Why AI Governance Needs Diversity and Inclusion


AI Governance is increasingly used in many organizations to make automated and repeatable decisions using Artificial Intelligence (AI). In recent business applications, large volumes of data can help to answer repeatable questions such as: “Who gets approval for a bank loan?” in a mortgage company. Another application is an experimental hiring tool by Amazon, where they leveraged AI to help select resumes for selecting candidates for an interview. But what are the inherent issues around using large data sets for these types of business applications? How can AI Governance reduce bias in the model outputs?

The concern for many data professionals around the utilization of AI is a lack of transparency, explainability and ethics. Standards are developed to ensure that data in a financial report is consistent with the numbers in a dashboard. Lineage helps explain where the data is sourced from as well as how the data is calculated as it moves across different systems in an organization. Lastly, ethics is the usage of data that shows that proper care is taken in ensuring that the data is properly used as defined in the collection purpose. Ethical code of conduct also should describe the behavior of the data professionals that are in contact of their customer’s data.

The concept of AI Governance is a recently coined term that many organizations are using to explain how their existing data management programs are used to fuel their data-driven business decisions. This is a practice that needs to take into consideration recent privacy regulations such as General Data Protection Regulation (GDPR) in the EU and the California Consumer Privacy Act (CCPA) in the United States. Privacy regulations is another dimension in AI Governance that requires better understanding of the data that is used by organizations.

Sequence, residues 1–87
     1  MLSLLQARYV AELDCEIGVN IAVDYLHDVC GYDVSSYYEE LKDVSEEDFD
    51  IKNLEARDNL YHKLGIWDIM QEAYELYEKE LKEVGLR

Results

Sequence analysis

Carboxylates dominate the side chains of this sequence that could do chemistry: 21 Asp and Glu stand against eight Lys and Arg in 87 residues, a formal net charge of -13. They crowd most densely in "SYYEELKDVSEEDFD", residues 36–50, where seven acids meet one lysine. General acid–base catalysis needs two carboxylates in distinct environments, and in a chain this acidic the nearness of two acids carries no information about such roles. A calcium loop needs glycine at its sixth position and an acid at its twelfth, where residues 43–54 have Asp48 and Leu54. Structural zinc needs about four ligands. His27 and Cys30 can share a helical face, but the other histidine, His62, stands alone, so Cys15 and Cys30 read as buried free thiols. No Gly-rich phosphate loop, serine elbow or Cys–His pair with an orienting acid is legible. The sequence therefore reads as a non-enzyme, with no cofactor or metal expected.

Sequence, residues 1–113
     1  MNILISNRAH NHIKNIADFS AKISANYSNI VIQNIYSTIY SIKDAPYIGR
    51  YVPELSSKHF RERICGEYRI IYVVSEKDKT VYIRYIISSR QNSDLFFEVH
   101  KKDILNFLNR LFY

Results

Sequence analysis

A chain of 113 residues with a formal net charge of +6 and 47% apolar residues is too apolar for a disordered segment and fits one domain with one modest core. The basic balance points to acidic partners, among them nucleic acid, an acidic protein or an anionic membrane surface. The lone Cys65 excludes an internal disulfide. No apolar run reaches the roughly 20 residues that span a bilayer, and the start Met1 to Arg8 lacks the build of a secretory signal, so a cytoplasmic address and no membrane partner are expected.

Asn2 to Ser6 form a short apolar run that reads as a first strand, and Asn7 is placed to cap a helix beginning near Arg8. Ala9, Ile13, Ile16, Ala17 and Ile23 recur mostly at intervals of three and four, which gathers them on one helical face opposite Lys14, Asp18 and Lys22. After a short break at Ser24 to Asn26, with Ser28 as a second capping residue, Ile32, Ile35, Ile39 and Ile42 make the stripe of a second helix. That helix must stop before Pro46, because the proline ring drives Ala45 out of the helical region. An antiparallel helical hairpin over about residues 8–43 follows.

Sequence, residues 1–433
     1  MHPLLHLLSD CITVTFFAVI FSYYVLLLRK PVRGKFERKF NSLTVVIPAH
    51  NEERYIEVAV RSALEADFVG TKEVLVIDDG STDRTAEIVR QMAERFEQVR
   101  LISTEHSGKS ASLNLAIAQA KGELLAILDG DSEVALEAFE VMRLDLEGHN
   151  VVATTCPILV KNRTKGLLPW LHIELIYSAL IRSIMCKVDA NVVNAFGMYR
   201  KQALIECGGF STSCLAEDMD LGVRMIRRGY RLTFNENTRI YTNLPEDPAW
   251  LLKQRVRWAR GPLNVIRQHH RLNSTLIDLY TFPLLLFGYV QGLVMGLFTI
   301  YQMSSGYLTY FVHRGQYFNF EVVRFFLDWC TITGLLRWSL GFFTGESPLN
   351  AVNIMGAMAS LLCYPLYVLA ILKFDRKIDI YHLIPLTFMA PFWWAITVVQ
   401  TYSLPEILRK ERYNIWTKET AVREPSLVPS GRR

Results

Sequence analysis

The framework for AI Governance is benefited by a diversity of stakeholders in the business, compliance and legal to help identify and review the data usage. Additional controls and processes in the framework with an inclusion of different users helps to identify gaps and reduce the bias that is created from a homogeneous AI Governance group. 

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